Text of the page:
Prescriptions

Relaxing the current oral medication statute would endanger patient care.

The medications placed in and on the eye interact with and can impact many other parts of a patient’s body.

Physicians are uniquely qualified to treat patients so that if an allergic reaction or other complication arises when the drugs are administered, they know how to care for that patient.

Ophthalmologists are physicians first, having completed medical school, one year of internship and three years of residency at a minimum.

Ophthalmologists understand the interactions of drugs, the interplay of systems and the effects of disease not only in the eye but throughout a whole person.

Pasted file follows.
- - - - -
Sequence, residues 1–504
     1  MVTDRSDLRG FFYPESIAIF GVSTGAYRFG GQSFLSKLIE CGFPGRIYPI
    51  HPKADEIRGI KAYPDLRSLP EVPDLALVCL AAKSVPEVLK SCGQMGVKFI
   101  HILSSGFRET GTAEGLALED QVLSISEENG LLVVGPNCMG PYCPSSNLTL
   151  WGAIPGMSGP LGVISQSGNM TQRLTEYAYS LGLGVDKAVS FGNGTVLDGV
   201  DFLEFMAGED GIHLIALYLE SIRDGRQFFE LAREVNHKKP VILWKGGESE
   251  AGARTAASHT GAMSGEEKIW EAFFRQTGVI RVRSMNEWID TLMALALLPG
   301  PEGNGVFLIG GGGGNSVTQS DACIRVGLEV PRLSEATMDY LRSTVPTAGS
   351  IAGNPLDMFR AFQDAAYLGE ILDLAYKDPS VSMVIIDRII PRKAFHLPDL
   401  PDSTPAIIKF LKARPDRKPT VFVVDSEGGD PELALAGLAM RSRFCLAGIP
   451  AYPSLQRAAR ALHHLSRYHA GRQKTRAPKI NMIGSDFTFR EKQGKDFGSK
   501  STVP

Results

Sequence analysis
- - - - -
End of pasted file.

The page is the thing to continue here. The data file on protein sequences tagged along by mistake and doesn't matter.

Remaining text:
Optometrists are not physicians; they did not attend medical school.

Optometrists have no in-depth medical training regarding the systemic diseases they may encounter. They do not have the skills and knowledge to anticipate drug interactions and adverse effects of oral antivirals and oral steroids.

The current statute regarding prescription privileges for optometrists is not arbitrary. Medications can have devastating adverse effects on the body and complex interactions with other drugs.